Vitoux presented the committee’s vision to the state budget committee several weeks ago for the $30 million. It was approved and appropriated, and on July 1 they will be able to make requests for funding. All the money will not be available all at once.
Projects
To get OIRI funding, requests are made based on the projects that are ready to go. The first three they are looking at are the three Warsaw housing projects - Gatke, Millworks (old Owen’s) and North Buffalo Street.
“Trying to get those three projects up and going so we can get them completed as quickly as we can to show some quick wins, and the community needs it. Those already had funding mechanisms from the private sector, the city just had a gap that they basically had to cover in order to get things started. So we thought we’d put a little fuel to that tank to get it going,” Snow said.
The topic after those will be centered around parking.
Light said, “KEDCO commissioned a parking study, and it was funded by our partners. The Parking Whisperer conducted the study. They were here doing on-site parking space counts and who was parked where and they did a survey. They said our community responded better than any community when we were surveyed, and the results clearly indicate we need to do something different than what we’re currently doing.”
The city and the county have had multiple meetings centered around parking, Snow said. As a result, he said a parking structure of some sort - maybe a parking garage - hopefully will go up.
“The next step for us is to get before the county and the city as part of their budgeting process and go to their meetings and basically request them to think about putting some money in the budget for this project or that,” Snow stated. If the city and county provides funding, money from OIRI also could be used toward a parking structure. “This is not free money. We’re not just going to give it to anyone. So in this case, the city and the county would need to come up with the gap, if you will, to finish out a project, in this case a parking garage.”
A project also near happening is the community amenities. Skinner has gone around to all the towns in the county and asked them if they have projects that they would like to see get across the finish line that they don’t have some or all of the funding for, Snow said.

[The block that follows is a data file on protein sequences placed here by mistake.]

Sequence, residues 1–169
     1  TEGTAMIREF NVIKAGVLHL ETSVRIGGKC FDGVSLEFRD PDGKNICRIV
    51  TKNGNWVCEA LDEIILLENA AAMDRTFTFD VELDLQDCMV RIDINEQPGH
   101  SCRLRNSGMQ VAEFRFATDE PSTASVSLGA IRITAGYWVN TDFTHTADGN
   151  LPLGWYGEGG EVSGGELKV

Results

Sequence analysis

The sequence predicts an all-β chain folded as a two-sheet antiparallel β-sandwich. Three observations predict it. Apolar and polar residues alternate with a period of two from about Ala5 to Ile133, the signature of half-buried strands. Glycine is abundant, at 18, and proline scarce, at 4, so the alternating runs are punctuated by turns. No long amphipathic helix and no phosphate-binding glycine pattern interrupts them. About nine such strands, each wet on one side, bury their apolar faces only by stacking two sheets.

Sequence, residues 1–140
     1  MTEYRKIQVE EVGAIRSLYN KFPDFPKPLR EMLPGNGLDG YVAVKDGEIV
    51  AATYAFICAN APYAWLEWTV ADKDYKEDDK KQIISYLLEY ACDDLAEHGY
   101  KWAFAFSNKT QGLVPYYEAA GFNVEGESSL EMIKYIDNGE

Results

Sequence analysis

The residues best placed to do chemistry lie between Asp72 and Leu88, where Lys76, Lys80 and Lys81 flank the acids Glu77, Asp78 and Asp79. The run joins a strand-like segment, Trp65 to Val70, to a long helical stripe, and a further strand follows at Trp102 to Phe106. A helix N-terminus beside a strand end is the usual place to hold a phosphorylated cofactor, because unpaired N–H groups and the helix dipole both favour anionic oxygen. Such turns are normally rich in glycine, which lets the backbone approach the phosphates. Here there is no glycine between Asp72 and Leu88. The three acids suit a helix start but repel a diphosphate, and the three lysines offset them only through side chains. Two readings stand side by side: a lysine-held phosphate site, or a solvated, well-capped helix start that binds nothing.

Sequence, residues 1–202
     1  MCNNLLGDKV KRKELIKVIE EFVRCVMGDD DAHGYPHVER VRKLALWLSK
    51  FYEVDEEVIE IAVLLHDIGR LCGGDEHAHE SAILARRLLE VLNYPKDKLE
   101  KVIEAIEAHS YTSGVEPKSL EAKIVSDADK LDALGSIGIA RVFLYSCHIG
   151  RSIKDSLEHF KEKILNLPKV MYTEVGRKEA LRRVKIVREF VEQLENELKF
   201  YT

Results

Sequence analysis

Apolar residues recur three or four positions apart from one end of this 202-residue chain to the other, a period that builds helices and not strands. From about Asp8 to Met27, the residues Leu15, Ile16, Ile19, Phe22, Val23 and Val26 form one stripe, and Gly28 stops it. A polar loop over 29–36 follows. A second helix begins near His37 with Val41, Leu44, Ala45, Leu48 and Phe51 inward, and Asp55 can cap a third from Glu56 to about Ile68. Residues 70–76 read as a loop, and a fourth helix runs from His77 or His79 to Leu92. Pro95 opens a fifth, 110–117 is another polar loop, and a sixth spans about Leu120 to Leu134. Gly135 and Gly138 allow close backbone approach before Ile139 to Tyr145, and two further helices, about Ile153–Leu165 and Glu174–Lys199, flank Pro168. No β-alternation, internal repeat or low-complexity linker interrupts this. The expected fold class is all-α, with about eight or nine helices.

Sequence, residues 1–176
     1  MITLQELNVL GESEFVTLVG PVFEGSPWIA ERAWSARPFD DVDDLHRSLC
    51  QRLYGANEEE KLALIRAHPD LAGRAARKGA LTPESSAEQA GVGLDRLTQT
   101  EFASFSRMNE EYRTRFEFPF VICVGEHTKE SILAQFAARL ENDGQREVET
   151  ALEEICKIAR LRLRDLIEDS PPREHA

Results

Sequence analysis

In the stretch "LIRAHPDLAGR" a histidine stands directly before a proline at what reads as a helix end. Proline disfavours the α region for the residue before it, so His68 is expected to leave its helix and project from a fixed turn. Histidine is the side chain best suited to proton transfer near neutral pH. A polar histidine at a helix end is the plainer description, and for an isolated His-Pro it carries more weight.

“That would be a bucket of money that we would put together, kind of its own READI program, if you will, and say, ‘If you’ve got a project, come to us, fill out this form,’ it’ll go into a rubric-type of process of some sort and we will help figure out how to get money to match their needs. Again, it’s not free money,” he said.
Vitoux said, “The broad-based concept that Craig has worked so hard for ... was to bring exposure to our community, that the orthopedic industry has been here for 130 years. We don’t desire to see any of that leave, we only desire for it to expand. And so, what the state, I think, heard is, there’s a need for continuing to advance our community. So we think through talent-attraction efforts, amenities and experiences are key.”
He said the group has worked really hard to try to not only think about orthopedics but broadly across the county to include the agricultural industry, other manufacturers and natural resources to leverage the opportunity to attract talent into the community, as well as retain the businesses that are already here.
Haddad said, “I think the reality of the impetus of this funding, retaining and growing the orthopedic industry, is the impact, it’s for every industry in our community. Because if this helps the orthopedic industry, it’s going to help the retail industry, it’s going to help the banking industry, it’s going to help the ag industry.”
“It’s going to help the community, period,” Light stated.
“The focus is, because of being the orthopedic capital of the world, that’s the focus of why the state understands the importance of this investment. But we, as community leaders, see it as the entire community being invested,” Haddad said. “So that’s where some of these other projects - helping the future of some of these ideas that really just don’t have any traction or any way to kind of get them started - there’s concepts here to help really start some of those progressive, growing our community better solutions and ideas than we have today. Those are all there to just make our community even more attractive, more thrive in ways than right now need a little help to do.”
Winona Avenue is one of the most important corridors between Warsaw and Winona Lake. “The Winona Avenue project is a concept of taking that important corridor ... and really improving it and beautifying it and accelerating great retail along that corridor that needs a little help to bring that up to the level that we think both Warsaw and Winona Lake need. So that’s a great example,” Haddad said.
Asked about an overall timeline and phasing of the projects, Snow said the committee kind of had categories of projects that could be completed in 1 to 3 years, 3-5, 5-7 and such, with the housing projects being in that first category.
Vitoux said their roadmap is still a work in progress.